At least 100 aftershocks have been reported in the hours after Sunday afternoon's magnitude-7.2 earthquake near the California-Mexico border. More aftershocks -- some in the 5.0- to 6.0-magnitude range -- are expected to shake Southern California this week.
"If you felt the first earthquake strongly, it's likely you will feel the aftershocks," said Caltech's Dr. Lucy Jones. "It's likely they will happen over the next few days. The chance of a magnitude-5.0 to 6.0 aftershock is pretty good."
The U.S. Geological Survey timeline shows a swarm of aftershocks and other earthquakes. Caltech's Kate Hutton said early Monday that aftershocks became less frequent overnight.
Local news from across Southern California
Right on cue, Hutton received a text as she spoke at a Monday morning news conference -- it was yet another aftershock. The magnitude-5.0 aftershock occurred at about 6:33 a.m. about 70 miles east of Tijuana.
"I don't think we can expect much here, but I think people in the Imperial area, near the epicenter, in the San Diego area might experience more earthquakes," Hutton said.
The quake's epicenter was located about 30 miles south of Mexicali, about 120 miles east of San Diego. The quake struck at 3:40 p.m. Initial reports said the quake was magnitude-6.9, but officials with the USGS later changed the figure to 7.2.
The quake rattled northern Mexico, Southern California and southwest Arizona.
"It sounds like it's felt by at least 20 million people at this point," USGS seismologist Dr. Lucy Jones said. "Most of Southern California felt this earthquake."
The quake set high-rise buildings in Riverside, Los Angeles and San Diego rocking back and forth. It also was felt in Palm Springs, but significant damage was not reported in Southern California.
"Being this far away it would have been a rolling motion," said Jones, of Caltech. "All the high energy is gone by the time it gets here."
The rolling motion was felt as far north as Santa Barbara, USGS seismologist Susan Potter said. The earthquake was also felt in Phoenix and Las Vegas, according to reports.
Susan Warmbier was putting away her groceries in the San Diego suburb of Chula Vista when her husband asked, "Is the house moving?"
"We turned and we looked at the house, and it was actually moving," she said. "You could see it slightly moving left to right."
Jean Nelson, who was in Indio during the quake, told Reuters, "I'm shaking like a leaf ... the pool water was just going everywhere."
The quake provided an unepected ride for visitors at Disneyland.
There were no power outages anywhere in the city, said Los Angeles Department of Water and Power spokeswoman Maryanne Pierson. A preliminary report indicated there was no significant damage in Los Angeles.
Los Angeles Fire Department officials inspected buildings and overpasses for damage.
Fatality, Damage in Mexicali Area
Baja California state Civil Protection Director Alfredo Escobedo said the quake killed a man whose home collapsed in northern Mexico, according to the Associated Press. Authorities told the LA Times that a second man was killed when he ran into the street during the shaking and was struck by a vehicle.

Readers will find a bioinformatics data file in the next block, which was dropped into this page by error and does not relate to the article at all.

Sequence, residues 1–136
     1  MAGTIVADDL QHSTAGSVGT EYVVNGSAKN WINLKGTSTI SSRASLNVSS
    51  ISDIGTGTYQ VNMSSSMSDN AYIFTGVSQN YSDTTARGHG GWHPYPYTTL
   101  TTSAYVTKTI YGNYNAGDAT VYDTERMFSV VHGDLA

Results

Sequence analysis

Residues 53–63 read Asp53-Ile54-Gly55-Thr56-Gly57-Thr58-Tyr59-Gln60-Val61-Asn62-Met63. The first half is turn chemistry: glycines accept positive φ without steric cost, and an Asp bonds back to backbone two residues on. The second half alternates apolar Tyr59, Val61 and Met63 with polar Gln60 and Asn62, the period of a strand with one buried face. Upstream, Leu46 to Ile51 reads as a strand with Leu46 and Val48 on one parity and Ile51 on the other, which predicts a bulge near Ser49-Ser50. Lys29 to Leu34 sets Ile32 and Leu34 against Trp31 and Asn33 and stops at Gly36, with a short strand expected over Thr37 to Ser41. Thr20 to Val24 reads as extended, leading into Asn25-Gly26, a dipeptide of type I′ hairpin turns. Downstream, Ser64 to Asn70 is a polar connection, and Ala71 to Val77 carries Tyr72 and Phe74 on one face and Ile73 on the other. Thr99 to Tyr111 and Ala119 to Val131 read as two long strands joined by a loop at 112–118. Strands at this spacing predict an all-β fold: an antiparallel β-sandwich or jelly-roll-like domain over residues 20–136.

Movement was felt for about 40 seconds in Tijuana, Mexico, causing buildings to sway and knocking out power in parts of the city. The Associated Press reported that families celebrating Easter ran out of the homes, with children screaming and crying.
The LA Times reported that at least six homes burned outside Mexicali after propane tanks ruptured.
Tijuana Fire Chief Rafael Carillo said firefighters so far have responded only to reports of minor damage. Near the epicenter, receptionist Juan Carlos Fernandez said there was minor damage at the Crowne Plaza hotel in Mexicali. The damage includes broken pipes and windows.
Nearly 80 percent of the buildings in the historic downtown area were red-tagged.
Calexico Fire Chief Peter Mercado said there is substantial damage in the older section of the city. Mercado said there is structural damage and broken windows, leaking gas lines and damage to the water system. But he says no injuries have been reported.
The quake could be devastating for the economy of Imperial County, which already has the highest unemployment rate in the state, said Hildy Carrillo, executive director of the Calexico Chamber of Commerce.
"It will be months before downtown is back. It's a mess," she said.
Several aftershocks have hit the area. A magnitude-4.9 aftershock struck the region Monday night.
Seismologists Eye Laguna Salada Fault
Jones said it's possible the fault involved was the Laguna Salada fault. It triggered a magnitude-7.2 earthquake in 1892.
"This might be a repeat for it, but we really need to get out there and see," Jones said.
Seismologists said the quake was the largest to strike the region in 18 years.
Jones compared Sunday's earthquake to the 1992 magnitude-7.3 Landers earthquake. The quakes were not on the same fault, but it was after the Landers quake when seismologists realized a major earthquake can trigger earthquakes in other areas.
Three fatalities were attributed to the Landers quake.
Earlier this weekend, a series of small-to-moderate quakes hit the geothermally-active area.
An earthquake with a preliminary magnitude of 4.0 was recorded in Northern California on Sunday afternoon. The quake hit at 3:49 p.m., about 25 miles north of Santa Rosa, according to the USGS. A geophysicist with the U.S. Geological Survey said the earthquake recorded in Northern California was not related to the Mexicali quake.
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